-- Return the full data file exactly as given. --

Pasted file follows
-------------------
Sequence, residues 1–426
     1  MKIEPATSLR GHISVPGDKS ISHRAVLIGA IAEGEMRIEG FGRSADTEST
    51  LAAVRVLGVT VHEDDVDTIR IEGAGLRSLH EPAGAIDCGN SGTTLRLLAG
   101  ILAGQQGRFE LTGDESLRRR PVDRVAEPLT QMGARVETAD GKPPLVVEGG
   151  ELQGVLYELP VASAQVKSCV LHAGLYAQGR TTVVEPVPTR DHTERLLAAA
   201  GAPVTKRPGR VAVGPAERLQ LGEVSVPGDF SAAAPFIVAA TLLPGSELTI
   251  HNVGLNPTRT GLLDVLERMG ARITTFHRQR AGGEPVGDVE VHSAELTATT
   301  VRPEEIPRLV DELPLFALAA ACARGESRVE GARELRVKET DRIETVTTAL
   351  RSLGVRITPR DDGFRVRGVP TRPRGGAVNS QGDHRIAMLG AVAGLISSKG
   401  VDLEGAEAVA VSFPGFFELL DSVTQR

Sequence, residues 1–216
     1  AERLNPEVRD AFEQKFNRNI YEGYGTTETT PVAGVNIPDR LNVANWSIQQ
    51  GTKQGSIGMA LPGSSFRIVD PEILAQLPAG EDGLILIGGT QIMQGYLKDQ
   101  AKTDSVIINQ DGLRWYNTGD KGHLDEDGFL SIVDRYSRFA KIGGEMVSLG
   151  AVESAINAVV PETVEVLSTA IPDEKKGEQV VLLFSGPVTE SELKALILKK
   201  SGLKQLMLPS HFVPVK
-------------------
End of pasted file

Sequence, residues 1–426
     1  MKIEPATSLR GHISVPGDKS ISHRAVLIGA IAEGEMRIEG FGRSADTEST
    51  LAAVRVLGVT VHEDDVDTIR IEGAGLRSLH EPAGAIDCGN SGTTLRLLAG
   101  ILAGQQGRFE LTGDESLRRR PVDRVAEPLT QMGARVETAD GKPPLVVEGG
   151  ELQGVLYELP VASAQVKSCV LHAGLYAQGR TTVVEPVPTR DHTERLLAAA
   201  GAPVTKRPGR VAVGPAERLQ LGEVSVPGDF SAAAPFIVAA TLLPGSELTI
   251  HNVGLNPTRT GLLDVLERMG ARITTFHRQR AGGEPVGDVE VHSAELTATT
   301  VRPEEIPRLV DELPLFALAA ACARGESRVE GARELRVKET DRIETVTTAL
   351  RSLGVRITPR DDGFRVRGVP TRPRGGAVNS QGDHRIAMLG AVAGLISSKG
   401  VDLEGAEAVA VSFPGFFELL DSVTQR

Sequence, residues 1–216
     1  AERLNPEVRD AFEQKFNRNI YEGYGTTETT PVAGVNIPDR LNVANWSIQQ
    51  GTKQGSIGMA LPGSSFRIVD PEILAQLPAG EDGLILIGGT QIMQGYLKDQ
   101  AKTDSVIINQ DGLRWYNTGD KGHLDEDGFL SIVDRYSRFA KIGGEMVSLG
   151  AVESAINAVV PETVEVLSTA IPDEKKGEQV VLLFSGPVTE SELKALILKK
   201  SGLKQLMLPS HFVPVK